More than 5 million people throughout the United States are currently living with Alzheimer’s disease. If you are a family caregiver for a senior with Alzheimer’s, it is important for you to know about the disease and how it can affect your parent.
The first step is understanding how this disease progresses. It is referred to as a “progressive” disease because it does not stay the same, but increases and worsens over time. Though each person’s experience with Alzheimer’s disease is personal to them and your aging parent will move through their disease in a unique way, there are some fairly universal patterns that characterize the progression of most cases of the disease. These are referred to as the stages of Alzheimer’s disease.
The stages of Alzheimer’s disease include:
• Mild or early stage. At this point the symptoms are mild and may be barely noticeable to some people. The senior can still live independently, but may start experiencing some challenges such as memory loss, misplacing items, increased conversational challenges, and difficulty with tasks.
• Moderate or middle stage. This is the point when the disease becomes more noticeable to those around the person. It is also typically the longest stage. Your parent can live in this stage for several years. During this time their need for care will increase as their challenges do and they may start showing increased wandering tendencies, behavioral changes, risky behaviors, negative actions, and inability to manage basic tasks such as choosing appropriate clothing or bathing. If your parent has not started elder care, this is the time when it becomes even more important.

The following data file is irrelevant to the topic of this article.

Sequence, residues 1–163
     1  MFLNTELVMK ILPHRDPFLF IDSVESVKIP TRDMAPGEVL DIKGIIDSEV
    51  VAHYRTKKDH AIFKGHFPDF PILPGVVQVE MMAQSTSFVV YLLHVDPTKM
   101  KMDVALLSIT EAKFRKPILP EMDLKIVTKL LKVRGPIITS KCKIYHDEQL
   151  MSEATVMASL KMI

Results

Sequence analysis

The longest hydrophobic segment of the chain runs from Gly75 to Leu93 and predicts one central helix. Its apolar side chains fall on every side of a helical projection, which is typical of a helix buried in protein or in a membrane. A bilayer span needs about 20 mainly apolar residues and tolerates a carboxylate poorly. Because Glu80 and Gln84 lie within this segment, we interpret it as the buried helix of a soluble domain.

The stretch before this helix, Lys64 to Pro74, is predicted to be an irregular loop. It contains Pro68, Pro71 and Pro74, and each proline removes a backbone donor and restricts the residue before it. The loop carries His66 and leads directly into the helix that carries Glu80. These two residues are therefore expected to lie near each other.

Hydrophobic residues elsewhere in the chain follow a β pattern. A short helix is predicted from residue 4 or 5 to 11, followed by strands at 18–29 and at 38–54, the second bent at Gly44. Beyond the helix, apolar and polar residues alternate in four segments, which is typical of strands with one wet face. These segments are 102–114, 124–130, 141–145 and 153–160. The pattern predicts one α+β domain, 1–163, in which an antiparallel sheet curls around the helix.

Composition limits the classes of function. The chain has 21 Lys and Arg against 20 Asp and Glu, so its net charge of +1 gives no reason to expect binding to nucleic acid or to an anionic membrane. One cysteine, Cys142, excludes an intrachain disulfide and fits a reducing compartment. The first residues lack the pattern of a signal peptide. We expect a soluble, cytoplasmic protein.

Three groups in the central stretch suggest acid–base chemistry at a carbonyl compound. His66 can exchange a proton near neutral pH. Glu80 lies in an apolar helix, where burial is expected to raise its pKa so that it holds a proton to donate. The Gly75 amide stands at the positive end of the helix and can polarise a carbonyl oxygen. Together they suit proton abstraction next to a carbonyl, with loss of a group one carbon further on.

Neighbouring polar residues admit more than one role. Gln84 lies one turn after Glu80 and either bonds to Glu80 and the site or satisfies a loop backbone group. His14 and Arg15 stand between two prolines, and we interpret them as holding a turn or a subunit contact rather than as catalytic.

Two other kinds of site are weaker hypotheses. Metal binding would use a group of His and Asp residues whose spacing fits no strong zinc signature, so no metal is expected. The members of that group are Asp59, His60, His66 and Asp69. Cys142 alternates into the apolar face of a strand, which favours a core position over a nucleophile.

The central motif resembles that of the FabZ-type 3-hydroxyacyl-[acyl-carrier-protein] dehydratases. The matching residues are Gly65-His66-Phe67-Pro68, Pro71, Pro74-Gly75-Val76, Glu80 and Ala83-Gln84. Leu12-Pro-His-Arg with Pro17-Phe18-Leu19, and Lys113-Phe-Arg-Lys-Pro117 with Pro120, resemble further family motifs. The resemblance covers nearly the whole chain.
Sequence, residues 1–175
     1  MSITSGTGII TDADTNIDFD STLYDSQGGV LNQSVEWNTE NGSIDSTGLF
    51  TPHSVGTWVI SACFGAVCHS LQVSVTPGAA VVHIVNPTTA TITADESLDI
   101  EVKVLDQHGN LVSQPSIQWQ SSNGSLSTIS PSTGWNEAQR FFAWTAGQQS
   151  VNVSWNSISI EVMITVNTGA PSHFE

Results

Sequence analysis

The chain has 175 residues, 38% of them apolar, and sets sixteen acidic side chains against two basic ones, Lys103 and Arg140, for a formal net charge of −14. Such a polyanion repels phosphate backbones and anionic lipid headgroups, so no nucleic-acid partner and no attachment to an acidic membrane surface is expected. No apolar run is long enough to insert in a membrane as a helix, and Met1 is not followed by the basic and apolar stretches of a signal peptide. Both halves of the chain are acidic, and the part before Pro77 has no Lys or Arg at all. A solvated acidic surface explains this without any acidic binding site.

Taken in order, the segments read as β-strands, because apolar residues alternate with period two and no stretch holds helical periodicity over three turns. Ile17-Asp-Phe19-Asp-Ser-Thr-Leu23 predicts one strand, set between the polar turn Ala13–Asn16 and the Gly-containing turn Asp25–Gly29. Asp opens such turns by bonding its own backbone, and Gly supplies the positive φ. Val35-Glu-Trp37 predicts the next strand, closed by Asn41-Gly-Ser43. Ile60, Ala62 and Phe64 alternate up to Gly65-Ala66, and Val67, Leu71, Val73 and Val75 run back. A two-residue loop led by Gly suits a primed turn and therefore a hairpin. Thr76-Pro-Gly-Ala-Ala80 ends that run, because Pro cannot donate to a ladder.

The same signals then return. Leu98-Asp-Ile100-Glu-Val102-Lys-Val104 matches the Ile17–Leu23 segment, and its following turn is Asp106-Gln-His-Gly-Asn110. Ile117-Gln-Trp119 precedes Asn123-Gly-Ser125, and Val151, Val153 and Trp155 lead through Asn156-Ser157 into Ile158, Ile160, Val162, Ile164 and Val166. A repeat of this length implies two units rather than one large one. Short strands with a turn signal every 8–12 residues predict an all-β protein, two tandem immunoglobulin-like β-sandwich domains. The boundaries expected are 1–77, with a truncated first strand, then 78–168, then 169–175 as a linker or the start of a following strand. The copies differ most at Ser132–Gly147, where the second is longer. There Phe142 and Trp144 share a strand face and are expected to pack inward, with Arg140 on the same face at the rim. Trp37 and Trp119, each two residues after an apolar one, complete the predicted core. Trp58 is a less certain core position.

• Advanced or late stage. This is the last stage of the disease. The senior has no independent functioning and will need around the clock care. They will lose their ability to interact with the world around them, and eventually to move at all. This is when they become particularly vulnerable to other dangerous factors, such as infections, choking, and bedsores, requiring attentive care at all times.
Whether you have recently found out that your aging parent is living with Alzheimer’s disease, or they have been progressing through this disease for some time and have developed symptoms that you do not feel you can handle on your own, now may be the ideal time for you to consider starting elder care for them. An elderly home care services provider can act as a supplement to the care that you already give your senior so that you can feel confident that they are getting everything that they need, while also reducing your stress, easing your care burden, and allowing you to focus on your own health, well-being, and quality of life as well. These highly personalized services can include managing sensitive tasks that you are not comfortable handling, providing safe transportation, offering companionship and support, assisting with activities of daily living, and providing personal care designed to specifically help your loved one with the struggles that they are facing now, and those that they may develop later in their progression.
If You Or An Aging Loved One Are Considering Hiring Elder Care in St. Petersburg, FL, Please Contact The Caring Staff At Assisting Hands Home Care Today! 727-748-4211.
Latest posts by Becky Moultrie (see all)
- Four Steps to Convince Your Parent to Let You Help With Household Management - June 19, 2018
- June is Audiobook Appreciation Month: 5 Great Audiobooks for Seniors - June 13, 2018
- Why Bother with a Bedtime Routine for Yourself? - June 5, 2018